Joy is the justice we give ourselves

The following story and poem are from an online magazine I recently discovered, Emergence Magazine.

The title caught my attention because joy is one of the main benefits of Mutual Aid communities. It has been true for my involvement in Des Moines Mutual Aid for the past two years. Especially in these times of growing fear about the baffling breakdown of so many things we took for granted, finding joy is so important. This quote from the book “Rehearsals for Living” by Robyn Maynard and Leanne Betasamosake Simpson describes this well.

“Rehearsals for Living” by Robyn Maynard and Leanne Betasamosake Simpson

Roots anchor and support us. Firmly and deeply established, they can carry us through difficult times. When we do the work of rooting, we find those threads that can nourish us in the face of adversity.

In “Joy Is the Justice We Give Ourselves,” poet J. Drew Lanham grounds his vision of racial justice in quiet moments of awe in nature. Celebrating radical acts of joy, he lifts up liberation, reparations, and deep connection to ancestors and the living world.

Emergence Magazine

Joy is the justice
we give ourselves.
It is Maya’s caged bird
sung free past the prison bars,
holding spirits bound—
without due process,
without just cause.

Joy is the steady run stream,
rights sprung up
through moss-soft ground—
water seeping sweet,
equality made clear
from sea
to shining sea,
north to south,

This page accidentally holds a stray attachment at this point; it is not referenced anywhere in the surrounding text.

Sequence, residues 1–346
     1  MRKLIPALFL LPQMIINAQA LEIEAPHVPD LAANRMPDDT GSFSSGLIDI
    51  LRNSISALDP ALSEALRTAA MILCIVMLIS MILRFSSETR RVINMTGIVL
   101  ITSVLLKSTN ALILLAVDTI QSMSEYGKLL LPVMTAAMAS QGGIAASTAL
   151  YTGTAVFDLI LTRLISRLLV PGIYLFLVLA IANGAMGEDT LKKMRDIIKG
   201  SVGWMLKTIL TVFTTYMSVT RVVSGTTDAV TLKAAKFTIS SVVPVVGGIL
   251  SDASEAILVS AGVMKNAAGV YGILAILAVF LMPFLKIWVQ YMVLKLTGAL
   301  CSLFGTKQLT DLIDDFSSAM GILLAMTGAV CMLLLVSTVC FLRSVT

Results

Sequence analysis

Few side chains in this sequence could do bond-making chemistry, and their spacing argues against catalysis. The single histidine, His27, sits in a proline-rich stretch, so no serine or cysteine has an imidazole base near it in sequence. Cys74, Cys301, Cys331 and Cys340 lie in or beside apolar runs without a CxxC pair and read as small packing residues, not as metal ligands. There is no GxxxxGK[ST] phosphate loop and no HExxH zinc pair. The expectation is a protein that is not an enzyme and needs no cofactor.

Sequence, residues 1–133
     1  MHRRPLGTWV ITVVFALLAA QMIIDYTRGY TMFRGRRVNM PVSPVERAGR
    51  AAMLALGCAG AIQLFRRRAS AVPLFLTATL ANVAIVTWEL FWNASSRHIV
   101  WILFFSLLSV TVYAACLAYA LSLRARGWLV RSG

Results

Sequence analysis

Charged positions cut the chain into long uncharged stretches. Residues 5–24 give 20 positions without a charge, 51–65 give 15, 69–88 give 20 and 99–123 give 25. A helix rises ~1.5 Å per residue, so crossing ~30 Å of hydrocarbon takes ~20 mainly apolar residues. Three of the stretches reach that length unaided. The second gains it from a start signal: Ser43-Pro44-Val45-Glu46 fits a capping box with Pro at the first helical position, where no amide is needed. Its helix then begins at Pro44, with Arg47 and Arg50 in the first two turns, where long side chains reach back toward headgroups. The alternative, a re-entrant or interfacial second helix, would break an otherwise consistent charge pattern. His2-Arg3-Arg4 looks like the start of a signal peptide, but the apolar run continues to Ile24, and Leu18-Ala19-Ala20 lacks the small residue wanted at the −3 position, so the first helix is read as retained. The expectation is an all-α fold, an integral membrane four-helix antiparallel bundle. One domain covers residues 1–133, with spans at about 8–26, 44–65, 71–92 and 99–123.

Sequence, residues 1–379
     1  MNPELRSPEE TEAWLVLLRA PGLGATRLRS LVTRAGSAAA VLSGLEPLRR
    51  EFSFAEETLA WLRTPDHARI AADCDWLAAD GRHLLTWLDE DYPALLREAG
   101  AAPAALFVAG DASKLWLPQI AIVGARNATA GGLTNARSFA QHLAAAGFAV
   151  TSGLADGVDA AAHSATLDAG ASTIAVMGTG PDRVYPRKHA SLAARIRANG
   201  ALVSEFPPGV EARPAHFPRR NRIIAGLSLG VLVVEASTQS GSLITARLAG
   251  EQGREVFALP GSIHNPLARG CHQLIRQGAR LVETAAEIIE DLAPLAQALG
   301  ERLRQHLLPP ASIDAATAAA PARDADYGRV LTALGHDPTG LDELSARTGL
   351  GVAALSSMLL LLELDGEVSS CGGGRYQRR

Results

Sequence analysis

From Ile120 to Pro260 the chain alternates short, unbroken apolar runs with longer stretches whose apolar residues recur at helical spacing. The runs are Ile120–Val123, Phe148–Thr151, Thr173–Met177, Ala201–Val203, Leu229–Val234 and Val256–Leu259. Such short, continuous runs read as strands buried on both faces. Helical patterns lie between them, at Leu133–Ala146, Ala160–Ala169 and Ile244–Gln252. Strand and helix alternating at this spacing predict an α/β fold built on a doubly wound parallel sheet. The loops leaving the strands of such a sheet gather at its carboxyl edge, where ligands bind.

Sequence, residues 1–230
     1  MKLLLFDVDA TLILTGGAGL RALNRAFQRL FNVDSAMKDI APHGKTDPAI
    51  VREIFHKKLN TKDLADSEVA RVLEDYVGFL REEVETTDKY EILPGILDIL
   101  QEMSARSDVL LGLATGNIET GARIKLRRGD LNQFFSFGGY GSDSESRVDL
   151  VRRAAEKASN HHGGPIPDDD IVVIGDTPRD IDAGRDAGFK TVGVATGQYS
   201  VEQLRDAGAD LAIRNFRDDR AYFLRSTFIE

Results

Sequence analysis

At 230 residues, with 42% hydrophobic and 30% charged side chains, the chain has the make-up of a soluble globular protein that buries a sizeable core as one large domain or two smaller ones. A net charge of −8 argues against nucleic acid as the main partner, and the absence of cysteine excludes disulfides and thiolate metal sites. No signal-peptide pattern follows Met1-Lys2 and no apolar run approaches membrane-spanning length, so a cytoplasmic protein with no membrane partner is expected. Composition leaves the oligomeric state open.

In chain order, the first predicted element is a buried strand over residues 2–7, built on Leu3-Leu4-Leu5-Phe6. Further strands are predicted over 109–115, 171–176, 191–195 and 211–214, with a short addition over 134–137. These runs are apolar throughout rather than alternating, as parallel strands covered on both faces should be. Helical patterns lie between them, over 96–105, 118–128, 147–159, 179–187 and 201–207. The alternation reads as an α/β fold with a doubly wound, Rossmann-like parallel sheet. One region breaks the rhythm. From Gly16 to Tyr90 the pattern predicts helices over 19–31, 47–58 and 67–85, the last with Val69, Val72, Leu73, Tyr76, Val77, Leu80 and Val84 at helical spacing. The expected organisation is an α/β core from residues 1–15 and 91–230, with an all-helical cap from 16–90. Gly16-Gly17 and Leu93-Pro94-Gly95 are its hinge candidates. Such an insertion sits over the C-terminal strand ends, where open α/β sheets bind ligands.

west to east.

Joy is the truth,
crooked lies hammered straight,
whitewashed myths
wiped away.
Stone Mountain
—just stone.
—no more.
Give the eagles
their mountains back.


Joy is the justice we give ourselves


J. Drew Lanham is a birder, naturalist, and hunter-conservationist. He is the author of The Home Place: Memoirs of a Colored Man’s Love Affair with Nature, which received the Reed Award from the Southern Environmental Law Center and the Southern Book Prize, and was a finalist for the John Burroughs Medal. His essays and poetry can be found in Orion, Audubon, Flycatcher, and Wilderness, and in the anthologies The Colors of Nature, State of the Heart, Bartram’s Living Legacy, and Carolina Writers at Home. He is an Alumni Distinguished Professor of Wildlife Ecology and Master Teacher at Clemson University.

Sheila Pree Bright is an acclaimed fine-art photographer known for her series Young Americans, Plastic Bodies, and Suburbia. Her documentation of responses to police shootings in cities across the US inspired her book #1960Now: Photographs of Civil Rights Activists and Black Lives Matter Protests.

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